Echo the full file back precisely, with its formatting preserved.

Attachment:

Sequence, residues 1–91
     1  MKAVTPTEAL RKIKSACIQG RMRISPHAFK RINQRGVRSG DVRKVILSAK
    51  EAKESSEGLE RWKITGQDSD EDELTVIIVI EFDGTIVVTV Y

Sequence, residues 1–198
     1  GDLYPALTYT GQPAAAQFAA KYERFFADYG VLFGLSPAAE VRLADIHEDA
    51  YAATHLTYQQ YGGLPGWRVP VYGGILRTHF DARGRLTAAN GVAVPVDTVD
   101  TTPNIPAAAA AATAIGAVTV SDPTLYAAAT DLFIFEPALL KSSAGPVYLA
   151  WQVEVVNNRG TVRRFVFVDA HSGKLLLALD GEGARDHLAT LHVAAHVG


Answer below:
Sequence, residues 1–91
     1  MKAVTPTEAL RKIKSACIQG RMRISPHAFK RINQRGVRSG DVRKVILSAK
    51  EAKESSEGLE RWKITGQDSD EDELTVIIVI EFDGTIVVTV Y

Sequence, residues 1–198
     1  GDLYPALTYT GQPAAAQFAA KYERFFADYG VLFGLSPAAE VRLADIHEDA
    51  YAATHLTYQQ YGGLPGWRVP VYGGILRTHF DARGRLTAAN GVAVPVDTVD
   101  TTPNIPAAAA AATAIGAVTV SDPTLYAAAT DLFIFEPALL KSSAGPVYLA
   151  WQVEVVNNRG TVRRFVFVDA HSGKLLLALD GEGARDHLAT LHVAAHVG